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The objective of this article is to promote an understanding of the need for colorectal cancer (CRC) screening and prevention.

Current guidelines on screening will be presented. The awareness of risk factors will be highlighted.

1.24 million new cases of CRC were diagnosed in 2008, with 394,000 deaths from this disease. In the southern hemisphere, most cases are seen in Australia and New Zealand.

USA data predict 120,000 new cases in 2015, with 50,000 deaths. Colorectal cancer is the 3rd leading cause of cancer death in the USA.

The death rate is declining, due to more widespread screening and earlier diagnosis.
Early diagnosis results in better 5-year survival, ranging from 92% in early cancer to 11% in advanced cancer.

About 80% of colorectal cancers are sporadic, due to genetic mutations that occur in a person lifetime.

Sporadic CRCs tend to occur in older individuals, compared to inherited cancers. CRCs develop through an adenoma-cancer sequence.

The adenomas are benign premalignant lesions, which once removed, will not process to cancer.

It is this fact that makes CRC amenable to screening and prevention.
Risk factors for CRC:
Non-modifiable risk factors include

1. Age
2. Personal history of adenomatous polyps or cancer
3. Family history of colon polyps or cancer
4. Inflammatory bowel disease-ulcerative colitis and Crohn’s disease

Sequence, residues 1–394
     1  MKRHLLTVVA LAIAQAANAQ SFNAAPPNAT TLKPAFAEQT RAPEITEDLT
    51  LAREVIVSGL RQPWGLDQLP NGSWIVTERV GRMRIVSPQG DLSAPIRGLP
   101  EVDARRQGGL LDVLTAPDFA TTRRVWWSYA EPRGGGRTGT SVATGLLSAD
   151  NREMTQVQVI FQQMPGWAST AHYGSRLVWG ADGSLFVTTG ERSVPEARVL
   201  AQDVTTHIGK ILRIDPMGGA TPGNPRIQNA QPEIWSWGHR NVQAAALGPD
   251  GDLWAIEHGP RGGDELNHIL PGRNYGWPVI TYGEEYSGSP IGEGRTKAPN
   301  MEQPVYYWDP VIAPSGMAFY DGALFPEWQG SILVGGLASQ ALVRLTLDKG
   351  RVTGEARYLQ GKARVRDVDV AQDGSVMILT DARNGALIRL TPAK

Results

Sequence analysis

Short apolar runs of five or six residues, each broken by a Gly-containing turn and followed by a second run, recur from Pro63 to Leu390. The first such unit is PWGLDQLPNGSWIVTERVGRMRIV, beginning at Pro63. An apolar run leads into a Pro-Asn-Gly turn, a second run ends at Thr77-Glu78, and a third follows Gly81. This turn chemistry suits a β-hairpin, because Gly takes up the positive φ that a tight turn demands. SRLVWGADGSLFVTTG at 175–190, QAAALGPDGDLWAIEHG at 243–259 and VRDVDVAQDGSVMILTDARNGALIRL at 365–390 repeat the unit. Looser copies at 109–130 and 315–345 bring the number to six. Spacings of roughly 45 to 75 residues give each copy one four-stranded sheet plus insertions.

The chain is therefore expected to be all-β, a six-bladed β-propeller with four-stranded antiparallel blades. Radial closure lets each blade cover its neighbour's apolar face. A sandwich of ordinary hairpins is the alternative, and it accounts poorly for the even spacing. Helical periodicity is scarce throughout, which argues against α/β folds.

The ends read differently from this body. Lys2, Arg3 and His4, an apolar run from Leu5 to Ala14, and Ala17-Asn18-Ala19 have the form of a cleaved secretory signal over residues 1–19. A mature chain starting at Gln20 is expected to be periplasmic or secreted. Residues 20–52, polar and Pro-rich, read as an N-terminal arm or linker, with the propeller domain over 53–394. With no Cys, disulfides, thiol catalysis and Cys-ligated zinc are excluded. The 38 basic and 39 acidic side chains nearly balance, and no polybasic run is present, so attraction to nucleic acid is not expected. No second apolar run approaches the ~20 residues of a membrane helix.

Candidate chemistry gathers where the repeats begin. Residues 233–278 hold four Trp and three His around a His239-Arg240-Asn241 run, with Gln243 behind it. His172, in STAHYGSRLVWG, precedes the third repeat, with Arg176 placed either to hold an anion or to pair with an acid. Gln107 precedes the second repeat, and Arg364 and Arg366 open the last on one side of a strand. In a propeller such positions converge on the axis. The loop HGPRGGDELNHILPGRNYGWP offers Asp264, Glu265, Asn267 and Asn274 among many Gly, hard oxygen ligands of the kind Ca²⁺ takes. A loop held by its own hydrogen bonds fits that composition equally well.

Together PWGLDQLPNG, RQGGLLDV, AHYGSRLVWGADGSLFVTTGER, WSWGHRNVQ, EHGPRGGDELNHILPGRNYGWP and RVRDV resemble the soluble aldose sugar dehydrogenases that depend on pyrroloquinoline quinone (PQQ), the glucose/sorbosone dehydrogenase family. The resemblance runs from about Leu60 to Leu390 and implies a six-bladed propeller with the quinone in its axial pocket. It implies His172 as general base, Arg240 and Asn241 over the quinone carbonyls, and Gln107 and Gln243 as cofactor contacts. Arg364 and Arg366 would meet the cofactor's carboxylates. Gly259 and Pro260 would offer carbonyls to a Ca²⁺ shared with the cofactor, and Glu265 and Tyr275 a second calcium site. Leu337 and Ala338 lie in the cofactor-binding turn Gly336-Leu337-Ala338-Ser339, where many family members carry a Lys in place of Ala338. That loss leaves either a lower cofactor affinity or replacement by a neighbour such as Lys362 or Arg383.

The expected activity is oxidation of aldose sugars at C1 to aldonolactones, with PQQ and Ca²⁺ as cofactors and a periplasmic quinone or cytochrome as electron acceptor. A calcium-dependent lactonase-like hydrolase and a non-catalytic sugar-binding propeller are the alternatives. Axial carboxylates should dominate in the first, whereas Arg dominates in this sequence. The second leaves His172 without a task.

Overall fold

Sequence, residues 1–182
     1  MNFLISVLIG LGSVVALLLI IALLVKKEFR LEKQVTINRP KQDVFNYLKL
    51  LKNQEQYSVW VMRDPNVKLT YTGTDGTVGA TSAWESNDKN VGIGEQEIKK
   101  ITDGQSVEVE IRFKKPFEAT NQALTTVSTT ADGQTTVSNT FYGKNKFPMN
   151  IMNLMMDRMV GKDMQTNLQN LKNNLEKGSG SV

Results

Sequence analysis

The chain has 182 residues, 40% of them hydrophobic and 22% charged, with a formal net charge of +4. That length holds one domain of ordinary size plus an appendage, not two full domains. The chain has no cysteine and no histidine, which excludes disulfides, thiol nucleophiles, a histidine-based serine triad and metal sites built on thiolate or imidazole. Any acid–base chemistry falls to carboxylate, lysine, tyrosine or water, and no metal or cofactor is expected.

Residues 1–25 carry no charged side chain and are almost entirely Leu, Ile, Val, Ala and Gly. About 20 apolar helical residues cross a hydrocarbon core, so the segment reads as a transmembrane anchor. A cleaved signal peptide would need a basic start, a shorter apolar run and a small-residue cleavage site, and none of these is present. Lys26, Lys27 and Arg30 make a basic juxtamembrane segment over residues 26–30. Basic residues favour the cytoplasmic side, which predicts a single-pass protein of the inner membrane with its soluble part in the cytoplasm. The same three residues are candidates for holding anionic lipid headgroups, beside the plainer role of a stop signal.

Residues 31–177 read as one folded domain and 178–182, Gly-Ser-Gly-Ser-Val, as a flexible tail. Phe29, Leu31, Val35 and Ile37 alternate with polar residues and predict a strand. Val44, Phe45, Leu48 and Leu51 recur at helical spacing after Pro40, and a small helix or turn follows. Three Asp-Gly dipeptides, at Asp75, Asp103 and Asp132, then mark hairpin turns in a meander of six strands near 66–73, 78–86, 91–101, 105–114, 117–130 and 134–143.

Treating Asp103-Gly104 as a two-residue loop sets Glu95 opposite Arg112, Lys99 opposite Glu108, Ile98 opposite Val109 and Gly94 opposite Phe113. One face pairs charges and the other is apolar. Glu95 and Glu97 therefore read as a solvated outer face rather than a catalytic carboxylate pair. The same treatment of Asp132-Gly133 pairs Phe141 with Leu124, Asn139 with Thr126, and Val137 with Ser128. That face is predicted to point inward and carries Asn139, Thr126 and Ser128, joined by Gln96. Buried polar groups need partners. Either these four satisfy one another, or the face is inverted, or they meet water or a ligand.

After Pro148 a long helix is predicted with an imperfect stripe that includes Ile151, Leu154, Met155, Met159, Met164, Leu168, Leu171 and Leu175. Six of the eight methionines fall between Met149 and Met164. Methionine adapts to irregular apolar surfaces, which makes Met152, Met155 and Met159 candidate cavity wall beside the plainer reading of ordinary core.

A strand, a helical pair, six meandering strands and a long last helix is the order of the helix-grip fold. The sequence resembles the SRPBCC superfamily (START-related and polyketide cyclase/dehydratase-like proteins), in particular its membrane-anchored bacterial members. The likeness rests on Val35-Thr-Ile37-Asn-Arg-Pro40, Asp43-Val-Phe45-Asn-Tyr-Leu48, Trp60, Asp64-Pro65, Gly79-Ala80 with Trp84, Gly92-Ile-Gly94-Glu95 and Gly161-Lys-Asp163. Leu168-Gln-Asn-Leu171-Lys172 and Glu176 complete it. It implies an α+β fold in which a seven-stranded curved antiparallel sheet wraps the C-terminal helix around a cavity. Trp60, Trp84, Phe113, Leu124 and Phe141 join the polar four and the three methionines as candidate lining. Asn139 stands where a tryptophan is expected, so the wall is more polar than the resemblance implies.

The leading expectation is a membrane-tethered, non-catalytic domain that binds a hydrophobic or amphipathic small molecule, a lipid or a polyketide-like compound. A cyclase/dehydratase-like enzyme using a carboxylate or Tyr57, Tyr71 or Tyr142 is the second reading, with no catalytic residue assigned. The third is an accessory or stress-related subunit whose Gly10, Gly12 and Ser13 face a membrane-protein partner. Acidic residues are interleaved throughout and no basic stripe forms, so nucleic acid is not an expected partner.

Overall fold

5. Inherited genetic risk e.g. Familial adenomatous polyposis and Hereditary non-polyposis CRC or Lynch syndrome

Environmental factors:
1. Nutritional factors-eating charred red meat, a diet high in animal fat, processed meat.
2. Physical inactivity and obesity.
3. Cigarette smoking
4. Heavy alcohol consumption…


The information on this website is to provide general guidance. In no way does any of the information provided reflect definitive medical advice and self-diagnoses should not be made based on information obtained online. It is important to consult a Gastroenterologist or medical doctor regarding ANY and ALL symptoms or signs including, but not limited to: abdominal pain, haemorrhoids or anal / rectal bleeding as it may a sign of a serious illness or condition. A thorough consultation and examination should ALWAYS be performed for an accurate diagnosis and treatment plan. Be sure to call a physician or call our office today and schedule a consultation.


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© Dr. H Schneider, Registered Gastroenterologist, GI Doc Johannesburg

Our website information is not intended or implied to be a substitute for professional medical advice, diagnosis or treatment. Please consult a doctor about your specific condition. Only a trained physician can determine an accurate diagnosis and proper treatment.